Let's talk Business: Technology can take care of itself
Nicolás Erdödy, Director and Founder, Open Parallel
Session Chair: Kai-Cheung Leung
How do you measure success in your research?
Is your final goal to get published and quoted? Does your work actually
This keynote will walk you through the start up world that leverages
entrepreneurial approaches from research. A simple due diligence method
will be presented. It will be explained why in average 99% of ideas and
proposals are discarded by investors in the initial meeting and how to be
part of the 1% group.
The talk concludes on how a software based technology business can be
successfully started and what is expected from a research team in the
process. Examples of ventures currently in development will be briefly
Nicolás Erdödy is a high technology entrepreneur, company director and
former venture capitalist that founded and implemented 15+ start ups in
different countries and industries. In 2010, Nicolás established Open
Parallel Ltd, specialised in Multicore and Parallel Computing. As part of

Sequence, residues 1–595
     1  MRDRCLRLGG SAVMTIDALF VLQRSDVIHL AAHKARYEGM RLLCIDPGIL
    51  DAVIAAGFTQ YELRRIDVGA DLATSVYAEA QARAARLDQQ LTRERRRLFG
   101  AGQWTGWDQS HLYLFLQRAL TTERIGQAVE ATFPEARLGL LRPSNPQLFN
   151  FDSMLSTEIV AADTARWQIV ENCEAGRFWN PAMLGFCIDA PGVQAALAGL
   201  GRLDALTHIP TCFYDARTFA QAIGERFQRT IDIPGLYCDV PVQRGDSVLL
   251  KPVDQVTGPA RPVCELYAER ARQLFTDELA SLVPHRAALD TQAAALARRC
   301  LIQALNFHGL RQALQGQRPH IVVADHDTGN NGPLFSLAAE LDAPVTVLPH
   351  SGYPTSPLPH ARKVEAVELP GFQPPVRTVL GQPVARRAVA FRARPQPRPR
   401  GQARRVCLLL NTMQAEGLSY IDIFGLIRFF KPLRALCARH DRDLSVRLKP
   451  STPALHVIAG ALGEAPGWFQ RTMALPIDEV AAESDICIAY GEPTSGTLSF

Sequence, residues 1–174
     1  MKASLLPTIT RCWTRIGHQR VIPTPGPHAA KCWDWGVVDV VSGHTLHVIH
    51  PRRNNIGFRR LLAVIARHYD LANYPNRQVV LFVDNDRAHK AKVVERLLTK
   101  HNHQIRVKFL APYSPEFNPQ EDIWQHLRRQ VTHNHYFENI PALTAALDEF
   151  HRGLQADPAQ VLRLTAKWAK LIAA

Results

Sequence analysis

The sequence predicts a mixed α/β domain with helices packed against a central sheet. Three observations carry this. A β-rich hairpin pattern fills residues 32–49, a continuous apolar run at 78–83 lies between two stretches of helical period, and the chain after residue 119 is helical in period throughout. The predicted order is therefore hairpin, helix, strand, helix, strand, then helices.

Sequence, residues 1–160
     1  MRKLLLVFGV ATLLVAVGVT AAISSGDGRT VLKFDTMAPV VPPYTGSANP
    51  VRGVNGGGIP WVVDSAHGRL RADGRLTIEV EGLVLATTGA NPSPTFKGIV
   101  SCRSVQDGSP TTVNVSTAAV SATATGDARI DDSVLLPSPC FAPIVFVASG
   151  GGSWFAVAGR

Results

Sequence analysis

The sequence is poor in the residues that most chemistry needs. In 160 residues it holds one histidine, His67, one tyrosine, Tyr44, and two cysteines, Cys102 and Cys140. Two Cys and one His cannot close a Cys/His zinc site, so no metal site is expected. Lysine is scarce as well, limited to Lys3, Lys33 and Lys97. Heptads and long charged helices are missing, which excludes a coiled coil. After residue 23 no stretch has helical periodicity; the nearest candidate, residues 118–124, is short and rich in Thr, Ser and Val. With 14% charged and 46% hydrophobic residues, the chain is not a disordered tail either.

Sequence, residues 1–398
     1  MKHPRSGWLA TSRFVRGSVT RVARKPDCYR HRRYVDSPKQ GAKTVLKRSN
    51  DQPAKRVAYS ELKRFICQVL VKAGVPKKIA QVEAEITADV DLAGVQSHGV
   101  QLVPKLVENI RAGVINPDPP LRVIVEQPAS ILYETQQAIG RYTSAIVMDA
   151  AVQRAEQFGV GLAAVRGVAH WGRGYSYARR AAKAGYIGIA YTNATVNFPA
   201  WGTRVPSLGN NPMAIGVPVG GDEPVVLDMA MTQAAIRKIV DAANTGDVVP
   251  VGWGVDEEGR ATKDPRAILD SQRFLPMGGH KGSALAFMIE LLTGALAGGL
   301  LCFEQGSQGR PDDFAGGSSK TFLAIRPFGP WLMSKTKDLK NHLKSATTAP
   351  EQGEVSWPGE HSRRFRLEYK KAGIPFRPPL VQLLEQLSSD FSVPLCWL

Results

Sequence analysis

its strategy for New Zealand being a global hub in multicore software, Open
Parallel organised Multicore World 2012 (Wellington, 27-28 March) the
inaugural conference of multicore technologies in Australasia.
As Founder and CEO of a multicore software company established in 2005 in
Dunedin, Nicolás created, raised venture capital and internationally
consolidated the business as multicore ISV for Sun Microsystems and
successfully negotiated the firm’s divestment in 2008. Between 2008-09
Nicolas was PM of the Open Source Learning Lab in Wellington and in
2000-2002 with French investment Nicolás created the first e-learning
Mathematics academy of South America, with users in 14 countries, based in
Nicolás holds a Master of Entrepreneurship from the University of Otago,
New Zealand; a Research Diploma for New Technologies in Education from INRP
(Uruguay – France) and forgot decades ago the FORTRAN that studied between
Mathematics and Hydraulics at the School of Engineering of Universidad de
la Republica, Montevideo, Uruguay. He lives in Oamaru and knows how to ask
for a beer in five human languages.